Tongues wagged about the relationship between Marie Antoinette and Axel von Fersen of Sweden. There is no firm evidence the two were lovers (and there probably never will be–in 2003 experts attempted but failed to determine what had been erased from letters between Marie Antoinette and Fersen). However, over the years, historians have concluded that they were, indeed, lovers. After all, the Queen installed him in rooms in her own domain at Versailles. Interestingly, the people who created and circulated the scurrilous pamphlets never linked her name with Fersen, probably the only serious candidate for a “lover” for the queen.

There are many reasons that Marie Antoinette’s behavior was viewed with so much suspicion. Her position put her in line for criticism. She was the Queen of France, which under normal circumstances is not a particularly powerful position because of the way queens were traditionally treated. They were purely there for breeding purposes, and very little gloss was put on this reality. Louis XVI, however, was not decisive and was not a born leader. He also loved his pretty wife. The result was that she had some sway over him, and that, to many eyes, she was–most unnaturally–ruling France through her husband. To compound this, Marie Antoinette had no children for the first several years of her marriage because she and Louis XVI weren’t able to consummate the marriage fully. Add to this the fact that Marie Antoinette was a foreigner from France’s old rival Austria, and there was a great deal of suspicion of the Queen. She was a powerful, foreign female, who seemed to be failing in her primary duty as a woman and queen.

Marie Antoinette’s desire for privacy and informality were suspicious, too, to her subjects. The royal family had been put on very public display since the time of Louis XIV in the mid 1600’s. Etiquette had been handed down by the Sun King, and it was expected that this etiquette would be followed to the letter. This meant waking and going to bed with an audience, dressing with an audience, and eating with an audience. While a modern person would consider this all an atrocious invasion of personal space, the French people expected to be able to view and scrutinize their sovereigns. Because Marie Antoinette tried to block this access, the people assume she was trying to hide something. She also balked at the formal rules that governed everything. For instance, she would have suppers with men in the room who were not her family, which shouldn’t have been allowed. The Queen’s desire for privacy and informality probably stems from her childhood in Austria, where her large family lived more like wealthy bourgeois than like divine beings.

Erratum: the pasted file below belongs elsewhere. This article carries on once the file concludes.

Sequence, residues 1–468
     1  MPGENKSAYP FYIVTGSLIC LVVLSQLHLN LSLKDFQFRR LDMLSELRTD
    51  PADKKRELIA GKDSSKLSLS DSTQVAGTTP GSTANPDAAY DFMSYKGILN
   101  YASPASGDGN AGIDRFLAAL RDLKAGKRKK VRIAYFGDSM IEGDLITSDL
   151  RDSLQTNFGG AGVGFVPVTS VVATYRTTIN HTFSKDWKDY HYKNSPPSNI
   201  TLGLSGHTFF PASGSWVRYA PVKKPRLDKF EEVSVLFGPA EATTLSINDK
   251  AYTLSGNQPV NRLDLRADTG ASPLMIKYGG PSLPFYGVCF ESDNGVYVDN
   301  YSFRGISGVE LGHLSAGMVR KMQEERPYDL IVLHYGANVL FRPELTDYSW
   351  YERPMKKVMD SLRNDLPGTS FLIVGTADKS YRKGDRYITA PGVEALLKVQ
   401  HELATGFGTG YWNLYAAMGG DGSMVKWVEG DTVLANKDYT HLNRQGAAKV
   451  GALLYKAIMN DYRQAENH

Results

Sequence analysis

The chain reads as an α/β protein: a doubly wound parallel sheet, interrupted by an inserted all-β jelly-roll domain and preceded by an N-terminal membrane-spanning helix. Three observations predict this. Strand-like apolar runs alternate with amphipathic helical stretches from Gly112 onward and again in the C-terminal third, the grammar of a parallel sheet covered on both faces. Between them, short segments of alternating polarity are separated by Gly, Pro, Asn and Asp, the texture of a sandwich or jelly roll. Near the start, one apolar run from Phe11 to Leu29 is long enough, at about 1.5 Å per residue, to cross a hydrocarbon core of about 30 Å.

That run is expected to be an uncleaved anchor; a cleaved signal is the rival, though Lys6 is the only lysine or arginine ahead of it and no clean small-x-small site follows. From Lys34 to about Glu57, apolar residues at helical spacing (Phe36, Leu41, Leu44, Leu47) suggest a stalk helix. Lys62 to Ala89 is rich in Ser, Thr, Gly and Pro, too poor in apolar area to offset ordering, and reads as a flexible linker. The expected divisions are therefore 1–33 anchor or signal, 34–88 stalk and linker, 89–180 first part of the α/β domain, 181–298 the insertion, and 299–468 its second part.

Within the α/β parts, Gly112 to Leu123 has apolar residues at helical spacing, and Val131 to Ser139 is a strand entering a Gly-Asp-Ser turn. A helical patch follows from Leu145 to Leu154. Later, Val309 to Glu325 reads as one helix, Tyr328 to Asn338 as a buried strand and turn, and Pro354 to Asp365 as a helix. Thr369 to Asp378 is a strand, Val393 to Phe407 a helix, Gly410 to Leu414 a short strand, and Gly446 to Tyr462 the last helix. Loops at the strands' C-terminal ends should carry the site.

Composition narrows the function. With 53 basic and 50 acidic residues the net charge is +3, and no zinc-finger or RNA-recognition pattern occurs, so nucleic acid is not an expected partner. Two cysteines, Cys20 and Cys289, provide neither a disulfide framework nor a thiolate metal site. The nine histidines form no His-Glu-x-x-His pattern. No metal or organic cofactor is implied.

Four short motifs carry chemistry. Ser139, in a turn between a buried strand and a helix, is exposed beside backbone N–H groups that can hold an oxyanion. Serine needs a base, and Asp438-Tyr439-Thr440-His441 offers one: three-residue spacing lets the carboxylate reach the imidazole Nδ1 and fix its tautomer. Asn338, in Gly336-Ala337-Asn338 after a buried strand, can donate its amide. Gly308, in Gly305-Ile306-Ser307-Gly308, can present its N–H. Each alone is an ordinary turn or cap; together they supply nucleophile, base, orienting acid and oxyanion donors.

Marie Antoinette was undeniably vain and spoiled. She lost great sums of money gambling, and of course she spent massive amounts on clothing and decorating. She lacked judgment, and couldn’t take advice well. Her mother and advisers warned her early and often that her behavior was offensive to the French  nobles and French people. Marie Antoinette did not heed the warnings. Though her behavior was better when she was older and had children, the damage had already been done.

Witness the Diamond Necklace Affair. If she hadn’t already damaged her reputation, no one have believed that Marie Antoinette would condescend to meet a Cardinal in the midnight gardens of Versailles. If she hadn’t gained a reputation for loving diamonds, no one would have thought her capable of duping a Cardinal and stealing from the royal jewelers. Her reputation for sexual looseness and for greed, even if unearned, were enough to condemn Marie-Antoinette in the public mind. Jeanne de La Motte-Valois was probably more clever than she realized when she orchestrated the heist of the diamond necklace. She surely knew the Queen’s reputation and used it to her advantage, but she probably had no idea just how much of her story the public would believe.

Would the French Revolution have happened if Marie Antoinette were a different person? Would the currents of politics, time, and opinion have turned against the monarchy regardless? Or did Marie Antoinette single-handedly bring down the French monarchy? Like with most things, there is no single answer. It’s a combination of all of the above. The only thing that is certain is that the Diamond Necklace Affair would never have happened under another Queen. As Frances Mossiker said, the accusations levelled at Marie Antoinette would never have stuck to a Maria Leszczynska (her predecessor as Queen of France) or a Victoria or an Elizabeth II. Not only did the culture of the day–an odd mixture of promiscuity and public prudery–create the tempest that surrounded Marie Antoinette, her own behavior gave her enemies the opportunity to accuse her of any number of things and for those accusations to be believed.

The key to the enigma–the key to why the plot to steal the necklace ultimately hurt the innocent Queen and why the Queen ended up losing her head–is her reputation. “Reputation” is a complex mixture of her actions; the appearance her actions gave; the public’s perception of her; and the fears,  anxieties, and expectations of the time. 

In the comments, someone brought up this three-part blog entry about Fersen and Marie Antoinette on the wonderful blog Tea at Trianon.

For your perusal, here is an online exhibit from The Newberry Library.

Some books worth looking up on the topic:

Chantel Thomas The Wicked Queen: The Origins of the Myth of Marie Antoinette

Antonia Fraser Marie Antoinette: The Journey

Caroline Weber Queen of Fashion: What Marie Antoinette Wore to the Revolution